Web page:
3. Even if you can verify your own vote, that's pretty much it for verifiability. Everything else relies on trusting election officials. What?

And I stopped analyzing there because frankly that's pretty much a broken system.

Yep, the blockchain is uncalled for. I work at an electronic voting company and sometimes we get clients that want to add the blockchain for the system. We patiently explain it to them that yeah, the blockchain has some interesting properties that can be used but that it's not really necessary and it would only be used by a small piece of the voting system...

In regards to 2, for most Americans, it's probably a fairly trivial* matter to infer who they voted for. For a large number, almost their entire lives are digitized in some form or another. I wouldn't be at all surprised if a modern AI could deduce your voting preference just using your public data.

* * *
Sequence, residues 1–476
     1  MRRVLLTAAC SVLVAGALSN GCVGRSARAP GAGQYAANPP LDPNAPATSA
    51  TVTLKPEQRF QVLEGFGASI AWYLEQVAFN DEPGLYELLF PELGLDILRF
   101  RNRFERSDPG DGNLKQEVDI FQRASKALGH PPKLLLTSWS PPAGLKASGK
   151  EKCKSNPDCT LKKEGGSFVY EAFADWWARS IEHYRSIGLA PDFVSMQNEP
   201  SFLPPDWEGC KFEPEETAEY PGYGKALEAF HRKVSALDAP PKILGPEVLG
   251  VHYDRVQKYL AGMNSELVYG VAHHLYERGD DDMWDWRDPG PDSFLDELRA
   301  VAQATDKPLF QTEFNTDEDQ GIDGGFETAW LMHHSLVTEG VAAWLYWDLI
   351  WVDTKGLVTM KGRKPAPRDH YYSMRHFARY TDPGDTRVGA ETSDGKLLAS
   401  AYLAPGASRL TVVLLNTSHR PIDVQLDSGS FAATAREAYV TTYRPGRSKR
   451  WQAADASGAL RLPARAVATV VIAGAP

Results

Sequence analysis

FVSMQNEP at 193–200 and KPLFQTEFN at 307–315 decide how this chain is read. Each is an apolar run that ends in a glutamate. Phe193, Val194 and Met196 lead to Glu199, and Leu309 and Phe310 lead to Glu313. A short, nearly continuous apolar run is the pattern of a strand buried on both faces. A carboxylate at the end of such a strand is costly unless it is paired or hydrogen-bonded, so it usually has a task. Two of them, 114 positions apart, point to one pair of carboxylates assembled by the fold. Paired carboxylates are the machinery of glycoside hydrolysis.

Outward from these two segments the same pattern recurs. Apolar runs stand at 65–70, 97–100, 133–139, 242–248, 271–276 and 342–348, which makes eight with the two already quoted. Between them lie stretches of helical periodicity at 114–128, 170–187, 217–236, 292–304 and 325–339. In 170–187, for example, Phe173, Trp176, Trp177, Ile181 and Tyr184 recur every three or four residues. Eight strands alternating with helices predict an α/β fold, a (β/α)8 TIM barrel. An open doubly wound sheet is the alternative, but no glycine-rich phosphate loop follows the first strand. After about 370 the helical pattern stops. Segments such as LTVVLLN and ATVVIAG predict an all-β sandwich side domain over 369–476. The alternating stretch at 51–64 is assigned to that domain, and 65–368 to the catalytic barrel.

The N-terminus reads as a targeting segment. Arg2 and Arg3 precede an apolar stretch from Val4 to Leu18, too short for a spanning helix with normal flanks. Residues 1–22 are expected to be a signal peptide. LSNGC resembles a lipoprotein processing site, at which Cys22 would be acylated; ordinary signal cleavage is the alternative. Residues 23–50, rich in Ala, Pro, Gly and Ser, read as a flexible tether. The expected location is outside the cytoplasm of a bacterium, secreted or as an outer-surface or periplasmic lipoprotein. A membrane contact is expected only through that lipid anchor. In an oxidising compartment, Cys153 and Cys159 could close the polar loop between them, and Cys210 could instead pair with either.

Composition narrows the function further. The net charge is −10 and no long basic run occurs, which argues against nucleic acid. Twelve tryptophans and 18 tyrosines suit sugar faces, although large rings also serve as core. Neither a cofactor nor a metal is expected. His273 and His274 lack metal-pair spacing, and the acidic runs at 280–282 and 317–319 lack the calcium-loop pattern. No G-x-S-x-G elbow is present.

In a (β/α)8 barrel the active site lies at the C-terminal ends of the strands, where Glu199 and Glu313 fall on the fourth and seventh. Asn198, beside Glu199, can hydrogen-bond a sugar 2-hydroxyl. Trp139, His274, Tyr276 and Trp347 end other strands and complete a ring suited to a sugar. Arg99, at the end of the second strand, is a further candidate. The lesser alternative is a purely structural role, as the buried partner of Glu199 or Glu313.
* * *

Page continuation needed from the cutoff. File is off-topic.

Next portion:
EDIT: *In retrospect, "trivial" is probably vastly understating the difficulty. However, I still don't think this is a "hard" problem.

That's a personal choice and, even then, you really can't be sure. Someone might be a Dem in public and vote Rep in the privacy of the booth. I'm sure this happens a lot more than you think.

There should be a zeroth rule that an voting system intended to be used for government which would be that the average person is able to audit / understand the system. This was in an ACM magazine article.

Indeed. Pencil & paper, with multi-party oversight, and long nights of counting.